Empathy: I feel and understand your pain; my grandmother passed away last year as well.
Sympathy: A doctor sees differences in patient’s symptoms. He issues a prescription for a placebo. Sympathy is mentally passed (I am, helping you). He certainly does not feel his patient’s distress and pain.
Empathy: There seems to be a lot of colds and viruses this year, you are not alone, stay warm and gargle two times a day, how is your mother?
~~~~ on February 17, 2012:
regardless is like saying "barenaked", I cringe when someone says regardless.
Dr Marie on January 29, 2012:
Ps. I also agree that empathy is mostly cognitive. Sympathy is actually experiencing
Dr Marie on January 29, 2012:
One who studies may have it right but backwards. After years of graduate school and practice as a psychologist, my understanding is that empathy is to understand how someone feels without actually experiencing the feeling yourself. A much better place to help from. Sympathy is to experience the feelings with a person. It can be hard to step back and help a person and see alternative ways to deal with a situation when you are entrenched in the same feelings.
Tom on January 27, 2012:
Here is a FANTASTIC explanation. I agree, by the way, (more or less) with your explanations.
For those citing Latin as the only etymological source, you need to consider also that the morphology of the two words has changed over many, many centuries, and that multiple languages have contributed, as is the case with much of the English language.
Ashwini on January 23, 2012:
Good one! helped me understand the difference easily... thanks
Dr. Noah Richason on January 17, 2012:
Asim, thank you for posting the link to the article, I hope others refer to it. I think it does a fine job clarifying the difference between the two terms, one of which (empathy) that I hold especially dear, at work and at home. I appreciate the hub author's attempt to shed light on a truly confusing distinction, but I agree (for what it is worth) that it was ultimately presented upside down.
anonymous on January 14, 2012:
thanks for the article, really helped me.
i had a similar difference in my mind, but was doubtful about it.
your research has helped me and many others. thank you very much for spending your time in this issue.
Allen on January 14, 2012:
Great article. Now I know what I always feel. You've made things much clearer. Thanks a lot.
Dr. Asim Monpuri on January 13, 2012:
Regarding the difference between Empathy and Sympathy, I think Robin has the interpretation all wrong (the other way around)
Take a look at the definitions once again. Following is a link to an article from the Canadian family physicians journal. This will clarify the difference.
Lorrie on December 13, 2011:
Wow, so many twists and turns of these meanings!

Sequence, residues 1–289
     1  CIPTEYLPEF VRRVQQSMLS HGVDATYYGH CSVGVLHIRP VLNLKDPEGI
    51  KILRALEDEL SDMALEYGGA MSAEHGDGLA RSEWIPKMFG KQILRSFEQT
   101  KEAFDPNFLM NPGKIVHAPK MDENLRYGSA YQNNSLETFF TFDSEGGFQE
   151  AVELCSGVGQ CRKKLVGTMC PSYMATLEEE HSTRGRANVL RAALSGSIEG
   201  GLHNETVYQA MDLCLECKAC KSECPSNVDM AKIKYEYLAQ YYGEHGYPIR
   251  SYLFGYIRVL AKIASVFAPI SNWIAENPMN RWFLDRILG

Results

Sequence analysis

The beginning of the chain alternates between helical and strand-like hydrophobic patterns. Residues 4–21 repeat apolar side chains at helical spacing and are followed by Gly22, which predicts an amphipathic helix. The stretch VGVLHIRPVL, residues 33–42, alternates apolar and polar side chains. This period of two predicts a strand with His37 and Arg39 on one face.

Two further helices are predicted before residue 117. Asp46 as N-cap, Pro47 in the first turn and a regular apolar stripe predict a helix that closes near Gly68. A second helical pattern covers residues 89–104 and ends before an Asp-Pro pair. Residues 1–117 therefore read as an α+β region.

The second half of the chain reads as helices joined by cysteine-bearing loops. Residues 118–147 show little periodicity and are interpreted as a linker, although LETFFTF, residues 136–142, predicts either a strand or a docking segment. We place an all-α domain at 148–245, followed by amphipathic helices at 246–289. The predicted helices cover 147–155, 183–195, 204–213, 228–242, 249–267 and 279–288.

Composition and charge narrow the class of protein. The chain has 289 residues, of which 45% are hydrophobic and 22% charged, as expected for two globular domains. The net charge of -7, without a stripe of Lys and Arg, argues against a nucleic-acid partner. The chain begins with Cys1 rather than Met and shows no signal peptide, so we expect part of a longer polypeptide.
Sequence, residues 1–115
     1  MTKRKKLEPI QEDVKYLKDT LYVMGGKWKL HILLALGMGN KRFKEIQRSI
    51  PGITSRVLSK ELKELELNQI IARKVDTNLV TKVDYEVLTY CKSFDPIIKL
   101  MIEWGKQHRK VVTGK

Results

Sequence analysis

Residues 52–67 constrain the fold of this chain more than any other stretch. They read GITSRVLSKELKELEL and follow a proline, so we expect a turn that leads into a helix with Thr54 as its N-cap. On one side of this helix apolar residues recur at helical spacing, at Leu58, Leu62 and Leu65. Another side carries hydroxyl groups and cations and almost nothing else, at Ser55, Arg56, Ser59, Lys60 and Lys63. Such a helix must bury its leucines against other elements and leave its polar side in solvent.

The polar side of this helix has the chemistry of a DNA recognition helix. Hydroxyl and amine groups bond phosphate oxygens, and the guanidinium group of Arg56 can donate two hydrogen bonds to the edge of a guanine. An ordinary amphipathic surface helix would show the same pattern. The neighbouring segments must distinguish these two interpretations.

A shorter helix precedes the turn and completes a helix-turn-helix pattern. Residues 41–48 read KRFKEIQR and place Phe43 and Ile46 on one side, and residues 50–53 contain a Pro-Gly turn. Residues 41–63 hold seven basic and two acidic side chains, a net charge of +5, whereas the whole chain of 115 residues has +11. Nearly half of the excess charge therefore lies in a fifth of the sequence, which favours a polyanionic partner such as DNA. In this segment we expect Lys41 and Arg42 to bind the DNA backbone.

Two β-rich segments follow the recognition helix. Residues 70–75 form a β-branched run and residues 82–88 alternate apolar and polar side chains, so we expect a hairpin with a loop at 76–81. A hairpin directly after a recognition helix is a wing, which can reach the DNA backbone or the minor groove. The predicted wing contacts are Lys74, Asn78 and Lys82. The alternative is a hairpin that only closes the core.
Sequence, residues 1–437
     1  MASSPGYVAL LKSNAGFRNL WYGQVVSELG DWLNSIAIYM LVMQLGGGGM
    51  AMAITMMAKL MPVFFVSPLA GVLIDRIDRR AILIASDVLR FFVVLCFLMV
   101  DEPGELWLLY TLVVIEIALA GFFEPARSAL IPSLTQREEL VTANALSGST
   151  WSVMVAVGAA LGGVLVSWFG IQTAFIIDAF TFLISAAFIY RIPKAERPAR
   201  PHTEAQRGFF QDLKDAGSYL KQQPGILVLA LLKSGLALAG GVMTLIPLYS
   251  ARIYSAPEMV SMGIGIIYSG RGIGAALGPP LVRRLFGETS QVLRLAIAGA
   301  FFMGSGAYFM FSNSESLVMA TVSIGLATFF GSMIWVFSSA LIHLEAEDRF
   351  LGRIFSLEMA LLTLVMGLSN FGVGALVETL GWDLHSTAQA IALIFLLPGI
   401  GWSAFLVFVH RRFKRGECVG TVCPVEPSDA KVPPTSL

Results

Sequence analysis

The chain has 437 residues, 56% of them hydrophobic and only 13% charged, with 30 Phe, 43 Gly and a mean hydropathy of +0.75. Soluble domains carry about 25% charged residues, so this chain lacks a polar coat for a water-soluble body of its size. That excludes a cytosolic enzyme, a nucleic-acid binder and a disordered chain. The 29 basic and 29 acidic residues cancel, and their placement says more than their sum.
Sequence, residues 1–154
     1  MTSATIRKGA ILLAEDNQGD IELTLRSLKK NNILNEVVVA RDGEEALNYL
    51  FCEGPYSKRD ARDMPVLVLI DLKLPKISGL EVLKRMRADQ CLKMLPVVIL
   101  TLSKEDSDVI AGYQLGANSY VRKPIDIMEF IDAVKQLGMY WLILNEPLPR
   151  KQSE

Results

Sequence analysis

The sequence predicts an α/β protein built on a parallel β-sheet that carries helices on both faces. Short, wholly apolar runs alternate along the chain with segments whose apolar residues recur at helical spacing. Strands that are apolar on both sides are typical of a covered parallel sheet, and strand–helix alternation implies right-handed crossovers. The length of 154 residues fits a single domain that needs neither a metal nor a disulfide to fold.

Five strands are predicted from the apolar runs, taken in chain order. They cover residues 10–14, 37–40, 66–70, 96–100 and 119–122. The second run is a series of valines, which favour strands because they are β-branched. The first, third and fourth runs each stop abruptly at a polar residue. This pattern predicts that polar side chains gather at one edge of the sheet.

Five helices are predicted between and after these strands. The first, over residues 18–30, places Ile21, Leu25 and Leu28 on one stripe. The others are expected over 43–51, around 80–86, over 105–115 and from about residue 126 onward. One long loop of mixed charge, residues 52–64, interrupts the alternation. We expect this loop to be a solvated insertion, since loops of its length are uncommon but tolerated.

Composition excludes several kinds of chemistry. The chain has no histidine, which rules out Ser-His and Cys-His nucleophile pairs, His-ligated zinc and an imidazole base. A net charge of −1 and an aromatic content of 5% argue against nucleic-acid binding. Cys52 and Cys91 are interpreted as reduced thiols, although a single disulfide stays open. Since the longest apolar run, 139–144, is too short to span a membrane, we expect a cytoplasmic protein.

I believe it's a bit more complicated. With sympathy you feel FOR them, doesn't matter whether you have had a similar experience or not (happy, sad, angry, whatever, this bandied about synonym of 'pity' is rather misleading), you have some sort of affinity with what they are feeling because you secondarily feel their pain or you agree with them or can understand what they're going through because the same thing has happened to you. Being sympathetic is not dependent on context or what has lead you to feel this way, it's an act of feeling. It's quite subjective and your feelings are wrapped up within it.
Empathy is actively seeing it from their point of view regardless of your personal feelings so that you can understand what they're going through. It may seem a little more clinical in some respects because it's much more objective, but in some ways it's more selfless as you're more concerned with how they're feeling, although of course understanding what they are going through often leads to sympathy.
The One Who Studies on December 12, 2011:
I have read all of the comments on this blog. Why I am here? Well my ELA teacher wants us to be able to explain the difference between sympathy and empathy tomorrow. Of course, Id Google the difference and study so that i could achieve a good grade on the paragraph or pop essay. However, a lot of the posts on this blog contract each other. A couple of people have said Empathy is to know what they are feeling but does not specifically FEEL, like are in their shoes sort of. This is not the correct explanation for empathy.
Empathy is to know someone else feelings, possible experience, and to lend a hand or cry with them. Most of the time, empathy is used for grief or a negative situation. Quote from Beths post "Instead of feeling sorry for, you?re sorry with and have clothed yourself in the mantle of someone else?s emotional reactions." Empathy, according to what i have learned here, also does not necessarily mean that you have been there before or have the knowledge of what that person feels, due to lack of experience. Then again, that is just another debate in the world like tomatoes being fruits or vegetables. From my point of view, empathy does not mean you have experienced it, quote from AHH's post "It could be because you have direct experience of a similar situation but either way you are imagining or visualising someone else's situation. It's not about your emotional response because you need to forget you are you for a second to be them instead." It is more of a visual and emotion, though getting more out of it than one who sympathizes.